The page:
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World's heaviest animal may be ancient whale found in the Peruvian desert, scientists say

Fossils of a massive ancient whale, known as Perucetus colossus, has been excavated in the Ica Province, southern Peru, allowing scientists to determine its length and weight.

The heaviest animal to have ever lived may have been an ancient colossal whale that was recently discovered in Peru, scientists said.

Scientists have been digging up massive fossils of the new species — named Perucetus colossus, or "the colossal whale from Peru" — in the Ica desert, a region in Peru that was once underwater over the past decade. The discovery was unveiled in a Nature journal published on Wednesday, Aug. 2.

According to the journal, titled "A heavyweight early whale pushes the boundaries of vertebrate morphology," researchers calculated the ancient giant weighed somewhere between 94 and 375 tons (85 and 340 metric tons). Its body stretched to around 66 feet (20 meters) long.

The Perucetus colossus was "possibly the heaviest animal ever," said study author Eli Amson, a paleontologist at the State Museum of Natural History in Stuttgart, Germany, but "it was most likely not the longest animal ever."

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If confirmed, the Peruvian whale would take the top spot from the blue whale, the largest of which weighs within that range at around 200 tons (180 metric tons). The blue whale can also be longer, with some growing to more than 100 feet (30 meters) in length.

"It’s just exciting to see such a giant animal that’s so different from anything we know," said Hans Thewissen, a paleontologist at Northeast Ohio Medical University who did not contribute to the research.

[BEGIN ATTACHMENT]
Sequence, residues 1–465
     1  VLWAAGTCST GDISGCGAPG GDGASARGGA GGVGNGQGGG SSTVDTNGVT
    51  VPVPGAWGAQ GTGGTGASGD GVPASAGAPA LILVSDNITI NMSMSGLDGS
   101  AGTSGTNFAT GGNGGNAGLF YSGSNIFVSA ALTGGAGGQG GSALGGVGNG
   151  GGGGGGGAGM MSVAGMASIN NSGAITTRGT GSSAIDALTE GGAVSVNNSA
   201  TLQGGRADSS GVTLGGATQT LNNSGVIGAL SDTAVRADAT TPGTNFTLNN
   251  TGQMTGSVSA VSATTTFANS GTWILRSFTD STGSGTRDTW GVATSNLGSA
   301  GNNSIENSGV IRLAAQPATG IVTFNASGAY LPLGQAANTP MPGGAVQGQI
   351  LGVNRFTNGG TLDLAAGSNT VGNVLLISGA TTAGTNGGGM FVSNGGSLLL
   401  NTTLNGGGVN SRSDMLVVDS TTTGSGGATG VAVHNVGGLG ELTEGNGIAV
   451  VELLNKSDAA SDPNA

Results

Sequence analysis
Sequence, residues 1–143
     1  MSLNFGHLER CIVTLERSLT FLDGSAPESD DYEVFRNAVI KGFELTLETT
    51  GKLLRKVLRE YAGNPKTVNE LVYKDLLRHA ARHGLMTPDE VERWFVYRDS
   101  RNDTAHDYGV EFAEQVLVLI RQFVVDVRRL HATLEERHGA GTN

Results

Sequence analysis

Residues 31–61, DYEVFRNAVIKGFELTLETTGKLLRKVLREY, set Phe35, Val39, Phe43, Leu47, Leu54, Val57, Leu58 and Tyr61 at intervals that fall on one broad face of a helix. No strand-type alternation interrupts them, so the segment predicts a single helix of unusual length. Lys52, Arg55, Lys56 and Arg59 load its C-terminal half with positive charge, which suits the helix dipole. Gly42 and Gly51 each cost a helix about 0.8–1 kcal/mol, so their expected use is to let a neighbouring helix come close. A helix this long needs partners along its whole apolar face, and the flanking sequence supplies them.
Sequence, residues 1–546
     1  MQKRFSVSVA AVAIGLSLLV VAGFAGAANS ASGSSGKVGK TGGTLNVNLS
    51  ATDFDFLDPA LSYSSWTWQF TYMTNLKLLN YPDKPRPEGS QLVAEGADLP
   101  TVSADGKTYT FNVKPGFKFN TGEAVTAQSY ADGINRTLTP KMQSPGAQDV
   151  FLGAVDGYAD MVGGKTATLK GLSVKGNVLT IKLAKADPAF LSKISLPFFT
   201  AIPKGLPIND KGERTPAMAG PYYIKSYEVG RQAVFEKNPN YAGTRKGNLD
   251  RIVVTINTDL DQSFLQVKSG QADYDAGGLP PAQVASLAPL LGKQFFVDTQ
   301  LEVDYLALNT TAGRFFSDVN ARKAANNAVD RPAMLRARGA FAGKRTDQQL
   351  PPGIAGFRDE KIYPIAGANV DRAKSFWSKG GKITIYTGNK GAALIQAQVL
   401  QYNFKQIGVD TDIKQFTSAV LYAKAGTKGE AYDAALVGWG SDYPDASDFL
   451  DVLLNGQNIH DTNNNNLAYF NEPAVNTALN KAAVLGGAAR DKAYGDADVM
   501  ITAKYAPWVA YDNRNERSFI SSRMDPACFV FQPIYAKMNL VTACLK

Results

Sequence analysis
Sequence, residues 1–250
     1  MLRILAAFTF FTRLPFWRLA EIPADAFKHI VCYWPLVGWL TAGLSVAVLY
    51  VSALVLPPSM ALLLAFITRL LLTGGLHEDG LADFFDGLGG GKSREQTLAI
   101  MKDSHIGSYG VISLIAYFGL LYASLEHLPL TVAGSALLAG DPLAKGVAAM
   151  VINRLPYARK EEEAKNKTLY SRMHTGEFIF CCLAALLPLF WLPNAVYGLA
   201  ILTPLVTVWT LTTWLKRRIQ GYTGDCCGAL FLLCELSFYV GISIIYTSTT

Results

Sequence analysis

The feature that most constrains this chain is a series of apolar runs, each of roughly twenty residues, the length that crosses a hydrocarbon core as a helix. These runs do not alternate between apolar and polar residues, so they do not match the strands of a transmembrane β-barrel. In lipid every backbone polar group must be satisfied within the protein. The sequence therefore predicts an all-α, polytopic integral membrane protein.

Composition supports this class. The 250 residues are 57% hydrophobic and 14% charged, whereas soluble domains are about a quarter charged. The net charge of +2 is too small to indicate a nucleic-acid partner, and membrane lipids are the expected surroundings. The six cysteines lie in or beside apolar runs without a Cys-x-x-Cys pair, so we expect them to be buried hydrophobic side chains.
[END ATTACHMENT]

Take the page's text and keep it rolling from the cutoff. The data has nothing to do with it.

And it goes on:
Mario Urbina from the University of San Marcos’ Natural History Museum in Lima first discovered the bones more than a decade ago and an international team has spent years digging them out from the side of a steep, rocky slope — known for its rich marine fossils — in the Peruvian desert.

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So far, paleontologists have found 13 vertebrae from the whale’s backbone, four ribs and a hip bone. Each vertebra weighs over 220 pounds and its ribs measure nearly 5 feet long.

The excavated fossils are 39 million years old and "are unlike anything I’ve ever seen," said study author Alberto Collareta, a paleontologist at Italy's University of Pisa.

Researchers have used 3D scanners to study the surface of the bones and drilled into them to peek inside.

They have also used the partial skeleton to estimate the whale's size and weight.

The new Peruvian whale likely weighs more because its bones are denser and heavier than a blue whale’s, Amson explained.

The density of the bones suggests the whale may have spent its time in shallow, coastal waters, the authors said as other coastal dwellers, like manatees, have heavy bones.

This helps them stay close to the seafloor, experts said.

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Amson said without the skull, scientists cannot be sure what the whale was eating to sustain its huge body.

Its diet may have consisted of scavenging food or eating up tons of krill and other tiny sea creatures in the water.

Thewissen noted he "wouldn’t be surprised if this thing actually fed in a totally different way that we would never imagine."

The Associated Press contributed to this report.

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